Over the past couple decades of my life, I've seen God move in my life at times and clearly heard His voice on other occasions. But, I've had to live all the other days by faith.
At my conversion, God heard my persistent plea to reveal His truth to me, and at the right time, He cut through my confusion with the saving gospel of Jesus Christ. There were other times He directed my paths and I followed in faith, but few of those trails turned out as I had hoped. I still recall major decisions made out of fear while lacking the faith to follow Him. I'm left wondering what could have been.
Only recently, after several weeks of desperate prayer, God seemed to speak powerfully to me through a song, telling me clearly that He is indeed "big enough" to work in the way I implored. Although His power was undeniably confirmed to me then, I still didn't get what I wanted. Sometimes, it doesn't seem to matter how often I sing along with Third Day that I need a revelation, I still find myself broken and trying to find the way back home.
Although it's only a parable, the prodigal son had a type of revelation with his face in a pig's trough. His thoughts were finally cleared by the pig slop he was eating and he knew what he needed to do. There are many days when I would gladly take that kind of revelation. But yet, by faith I know I've never actually left home.
So, when does it all end? When do we finally get the answers we want? Actually, they may not ever come in this life. God doesn't promise us that they will.
However, He did make a sacred covenant with us. It was to be our God, and to make us His people in return. Those of us saved by faith were once a people who were not loved at all, but now our principal identity comes directly from His love for us (Hosea 2:23). He owes us nothing more. He gives us nothing less.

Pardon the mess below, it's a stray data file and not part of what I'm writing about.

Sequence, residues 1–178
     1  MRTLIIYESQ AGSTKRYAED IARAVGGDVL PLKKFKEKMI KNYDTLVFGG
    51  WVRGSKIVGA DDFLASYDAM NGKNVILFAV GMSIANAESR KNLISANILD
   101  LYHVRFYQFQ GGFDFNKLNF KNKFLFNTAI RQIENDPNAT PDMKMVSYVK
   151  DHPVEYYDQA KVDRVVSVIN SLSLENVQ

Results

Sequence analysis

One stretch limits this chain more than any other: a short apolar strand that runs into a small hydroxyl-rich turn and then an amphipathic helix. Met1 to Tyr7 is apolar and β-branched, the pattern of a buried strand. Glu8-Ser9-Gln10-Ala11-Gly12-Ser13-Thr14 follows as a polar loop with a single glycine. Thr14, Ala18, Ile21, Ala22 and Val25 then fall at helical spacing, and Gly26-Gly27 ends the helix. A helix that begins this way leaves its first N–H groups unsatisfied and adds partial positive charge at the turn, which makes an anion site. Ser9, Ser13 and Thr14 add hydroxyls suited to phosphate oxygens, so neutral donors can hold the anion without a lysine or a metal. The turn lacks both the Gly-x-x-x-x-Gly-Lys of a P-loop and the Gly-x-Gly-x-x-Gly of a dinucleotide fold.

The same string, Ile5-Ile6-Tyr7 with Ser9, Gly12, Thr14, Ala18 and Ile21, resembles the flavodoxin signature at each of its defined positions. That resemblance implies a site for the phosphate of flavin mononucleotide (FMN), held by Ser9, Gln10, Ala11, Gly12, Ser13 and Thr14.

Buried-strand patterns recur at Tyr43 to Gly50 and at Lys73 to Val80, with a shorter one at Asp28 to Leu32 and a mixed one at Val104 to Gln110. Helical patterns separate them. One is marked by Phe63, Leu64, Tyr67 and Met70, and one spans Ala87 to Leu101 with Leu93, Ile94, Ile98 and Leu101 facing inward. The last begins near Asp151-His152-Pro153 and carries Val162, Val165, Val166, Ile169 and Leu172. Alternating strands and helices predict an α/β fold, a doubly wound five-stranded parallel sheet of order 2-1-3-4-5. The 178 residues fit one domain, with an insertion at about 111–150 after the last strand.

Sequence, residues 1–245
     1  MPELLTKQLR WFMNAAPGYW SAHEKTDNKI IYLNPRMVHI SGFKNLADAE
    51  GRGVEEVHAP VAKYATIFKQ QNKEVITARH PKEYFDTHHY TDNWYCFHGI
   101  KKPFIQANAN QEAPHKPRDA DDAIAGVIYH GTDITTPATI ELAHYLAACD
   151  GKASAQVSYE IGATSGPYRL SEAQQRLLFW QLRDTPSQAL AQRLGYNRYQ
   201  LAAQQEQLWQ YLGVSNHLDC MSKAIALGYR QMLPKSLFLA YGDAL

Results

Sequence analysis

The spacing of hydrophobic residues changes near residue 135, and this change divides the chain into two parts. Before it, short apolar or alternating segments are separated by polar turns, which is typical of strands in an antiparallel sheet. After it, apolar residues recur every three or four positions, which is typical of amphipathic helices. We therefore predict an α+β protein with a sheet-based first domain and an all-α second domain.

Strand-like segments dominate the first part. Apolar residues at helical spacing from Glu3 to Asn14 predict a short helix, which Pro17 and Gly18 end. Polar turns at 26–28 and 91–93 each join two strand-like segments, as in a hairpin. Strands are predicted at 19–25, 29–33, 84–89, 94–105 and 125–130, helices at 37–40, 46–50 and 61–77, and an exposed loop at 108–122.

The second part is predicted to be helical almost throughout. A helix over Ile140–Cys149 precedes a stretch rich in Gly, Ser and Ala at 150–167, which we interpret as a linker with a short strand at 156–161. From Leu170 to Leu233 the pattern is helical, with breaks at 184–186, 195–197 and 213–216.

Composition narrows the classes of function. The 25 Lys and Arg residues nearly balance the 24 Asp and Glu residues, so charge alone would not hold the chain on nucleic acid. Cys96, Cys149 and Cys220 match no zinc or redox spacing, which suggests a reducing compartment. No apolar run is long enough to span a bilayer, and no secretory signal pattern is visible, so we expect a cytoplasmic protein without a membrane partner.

Sometimes He reveals His plans to us. Sometimes He takes us to the place we want to go. He often comes to our rescue, even after saving us from spiritual death. Occasionally, we are allowed to see what He's doing in our lives and how He's crafting us into the image of His Son. But during all the other times, we are left to walk by faith.
So, no matter how many faithless decisions we have made, or how much of our life has been wasted on our self-absorbed endeavors, God cannot love us any more than He already does, (John 15:13). During every single one of our failures, He responds to us saying, “My Son has changed your worthlessness into great value!” That causes us to love Him more, and inspires the faith within us to trust Him more – if only to a slight degree. This is a revelation of faith.
No, we don't always see how He's working in our lives, but in faith we trust His word which tells us He is. We don't always sense His presence, but by faith we know His promise to never leave us is true. We don't always feel like He regards us at all, but through faith we believe His words of love for us are genuine. We continue to read them, sing them, repeat them over and over again, as we keep walking through this life in faith.